I hope I have adequately pointed out that trompes have potential for generating power. They are very passive systems, simply needing a flow of water to work and they are far more feasible and multifunctional than hydroelectric alternatives. Wind turbines and solar panels are good things but the power they provide on an individual scale isn’t at all reliable. Biogas systems are reliable on an individual scale, and so are other forms of fuel like wood gas, which isn’t as efficient on a small scale but still convenient for emergencies. Ideally, if you’re generating power for wood gasification, it’s temporary and you’re only generating electricity for elements that absolutely need a source of electricity, like lights, and various electronics such as computers.
That brings me to another point. For infrastructure to be autonomous, it’s sources of energy must be efficient as possible. Using electricity to power everything is not at all efficient, especially with the massive amounts of it lost in energy transfer. Isothermically compressed air approaches 100% efficiency ratings in storage and transfer however.
Biogas, Wood gas, and Isothermically compressed air are all things that could in theory be collected from 1 acre of land, perhaps even less and could easily be sufficient enough to power more than a single homestead. Solar panels are still a good idea however! Ideally, you would put transparent solar all over your greenhouses, if you could afford them. They function more as supplementary power. It would be even better though if some state entity came along and constructed all of this and left the farmer to just grow food and stuff!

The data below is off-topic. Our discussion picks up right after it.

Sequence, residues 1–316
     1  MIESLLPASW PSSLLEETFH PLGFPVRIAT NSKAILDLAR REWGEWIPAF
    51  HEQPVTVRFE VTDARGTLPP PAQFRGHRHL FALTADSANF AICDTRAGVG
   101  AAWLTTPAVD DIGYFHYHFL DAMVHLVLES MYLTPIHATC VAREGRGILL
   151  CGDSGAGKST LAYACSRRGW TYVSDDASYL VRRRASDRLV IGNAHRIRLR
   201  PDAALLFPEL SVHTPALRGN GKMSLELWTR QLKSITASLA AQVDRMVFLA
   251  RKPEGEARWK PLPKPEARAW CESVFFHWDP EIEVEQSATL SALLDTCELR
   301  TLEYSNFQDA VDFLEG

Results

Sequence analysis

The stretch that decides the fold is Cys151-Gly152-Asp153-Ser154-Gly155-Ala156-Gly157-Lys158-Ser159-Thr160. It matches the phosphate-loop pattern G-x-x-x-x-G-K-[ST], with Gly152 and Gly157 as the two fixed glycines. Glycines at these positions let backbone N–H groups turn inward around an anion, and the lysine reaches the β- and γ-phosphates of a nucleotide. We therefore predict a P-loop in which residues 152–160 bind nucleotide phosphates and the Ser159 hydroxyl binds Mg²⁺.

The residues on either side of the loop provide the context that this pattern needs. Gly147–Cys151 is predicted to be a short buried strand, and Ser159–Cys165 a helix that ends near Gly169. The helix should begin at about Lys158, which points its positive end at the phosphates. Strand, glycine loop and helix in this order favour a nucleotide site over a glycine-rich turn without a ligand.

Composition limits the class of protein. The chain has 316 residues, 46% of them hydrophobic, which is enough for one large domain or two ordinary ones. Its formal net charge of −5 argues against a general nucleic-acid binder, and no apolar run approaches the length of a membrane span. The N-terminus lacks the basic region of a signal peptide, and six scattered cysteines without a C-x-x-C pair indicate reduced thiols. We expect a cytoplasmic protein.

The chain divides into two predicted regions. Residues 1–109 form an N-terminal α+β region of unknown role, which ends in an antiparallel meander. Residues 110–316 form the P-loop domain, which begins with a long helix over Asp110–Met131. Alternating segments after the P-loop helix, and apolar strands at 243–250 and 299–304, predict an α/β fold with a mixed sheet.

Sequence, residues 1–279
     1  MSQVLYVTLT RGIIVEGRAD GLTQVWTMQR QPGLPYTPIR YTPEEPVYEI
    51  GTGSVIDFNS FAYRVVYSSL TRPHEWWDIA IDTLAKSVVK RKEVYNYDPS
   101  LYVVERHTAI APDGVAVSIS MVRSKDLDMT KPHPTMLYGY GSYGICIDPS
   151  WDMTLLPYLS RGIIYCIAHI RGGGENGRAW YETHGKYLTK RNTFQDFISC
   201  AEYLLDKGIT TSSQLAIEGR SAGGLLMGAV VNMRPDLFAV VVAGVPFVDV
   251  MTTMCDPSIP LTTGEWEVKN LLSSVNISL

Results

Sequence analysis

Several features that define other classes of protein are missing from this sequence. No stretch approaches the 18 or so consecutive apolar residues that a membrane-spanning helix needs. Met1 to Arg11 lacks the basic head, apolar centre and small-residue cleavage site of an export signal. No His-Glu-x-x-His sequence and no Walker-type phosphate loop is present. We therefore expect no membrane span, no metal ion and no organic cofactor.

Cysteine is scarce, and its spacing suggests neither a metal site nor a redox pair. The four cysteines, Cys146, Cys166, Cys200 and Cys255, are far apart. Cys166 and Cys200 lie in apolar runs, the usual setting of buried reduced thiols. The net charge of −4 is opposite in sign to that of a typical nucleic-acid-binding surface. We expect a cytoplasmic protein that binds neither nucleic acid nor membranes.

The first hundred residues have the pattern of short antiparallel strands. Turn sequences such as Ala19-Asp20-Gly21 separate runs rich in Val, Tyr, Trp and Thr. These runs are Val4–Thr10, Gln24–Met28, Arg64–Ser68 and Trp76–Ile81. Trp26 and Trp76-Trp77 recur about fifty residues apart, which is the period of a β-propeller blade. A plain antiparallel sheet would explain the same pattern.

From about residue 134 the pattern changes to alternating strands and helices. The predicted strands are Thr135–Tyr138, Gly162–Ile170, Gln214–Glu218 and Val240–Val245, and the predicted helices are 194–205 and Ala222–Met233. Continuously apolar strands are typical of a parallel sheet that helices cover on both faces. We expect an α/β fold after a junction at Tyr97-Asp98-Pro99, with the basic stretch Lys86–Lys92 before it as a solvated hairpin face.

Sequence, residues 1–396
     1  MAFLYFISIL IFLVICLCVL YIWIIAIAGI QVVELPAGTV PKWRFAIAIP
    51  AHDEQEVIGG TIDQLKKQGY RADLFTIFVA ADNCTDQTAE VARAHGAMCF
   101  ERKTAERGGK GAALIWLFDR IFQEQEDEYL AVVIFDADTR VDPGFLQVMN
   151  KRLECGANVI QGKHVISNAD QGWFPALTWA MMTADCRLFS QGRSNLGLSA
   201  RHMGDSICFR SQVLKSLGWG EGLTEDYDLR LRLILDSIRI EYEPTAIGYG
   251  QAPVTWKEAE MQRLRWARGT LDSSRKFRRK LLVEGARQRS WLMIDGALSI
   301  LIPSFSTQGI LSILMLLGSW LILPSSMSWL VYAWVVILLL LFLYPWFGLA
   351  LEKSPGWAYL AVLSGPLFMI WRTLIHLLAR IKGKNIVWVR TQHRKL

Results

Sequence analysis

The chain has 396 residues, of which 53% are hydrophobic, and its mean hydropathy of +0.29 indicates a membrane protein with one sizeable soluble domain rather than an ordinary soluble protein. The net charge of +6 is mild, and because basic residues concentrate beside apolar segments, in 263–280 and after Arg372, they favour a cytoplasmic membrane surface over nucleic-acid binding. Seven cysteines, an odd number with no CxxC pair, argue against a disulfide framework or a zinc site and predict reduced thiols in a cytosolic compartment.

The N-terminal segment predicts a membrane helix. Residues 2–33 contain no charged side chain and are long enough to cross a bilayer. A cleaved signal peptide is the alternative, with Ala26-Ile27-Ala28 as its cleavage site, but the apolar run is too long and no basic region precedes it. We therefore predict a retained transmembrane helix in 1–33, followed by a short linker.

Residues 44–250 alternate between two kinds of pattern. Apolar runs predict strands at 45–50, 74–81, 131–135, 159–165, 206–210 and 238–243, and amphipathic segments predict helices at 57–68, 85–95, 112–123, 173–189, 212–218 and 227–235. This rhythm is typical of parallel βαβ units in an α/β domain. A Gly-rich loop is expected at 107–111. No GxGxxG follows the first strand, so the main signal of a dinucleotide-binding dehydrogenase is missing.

Shelter: Houses of Mud, Grass, and Wood
There are many different ways to build houses. Cob is an option, so are earthbags, and oehler structures are essentially holes in the ground, usually next to a hill or terrace. They are typically easy to renovate.
Above is a two-story school made out of cob and bamboo in Pakistan.
All three of these techniques are interchangeable really. You can dig an oehler pit and then line the walls with earthbags and then seal it with cob. Keep in mind these types of dwellings are far more resistant to the elements than conventionally built ones, primarily because they are built out of dense natural materials. That means they retain and resist heat far better than other structures. The best part about houses like these is that they are made out of malleable, common materials. Cob is as common as grass and mud, and earthbags are as common as burlap sacks. Using sturdy types of wood, or even sturdy types of grass like bamboo are cheap and long lasting and easily replaceable.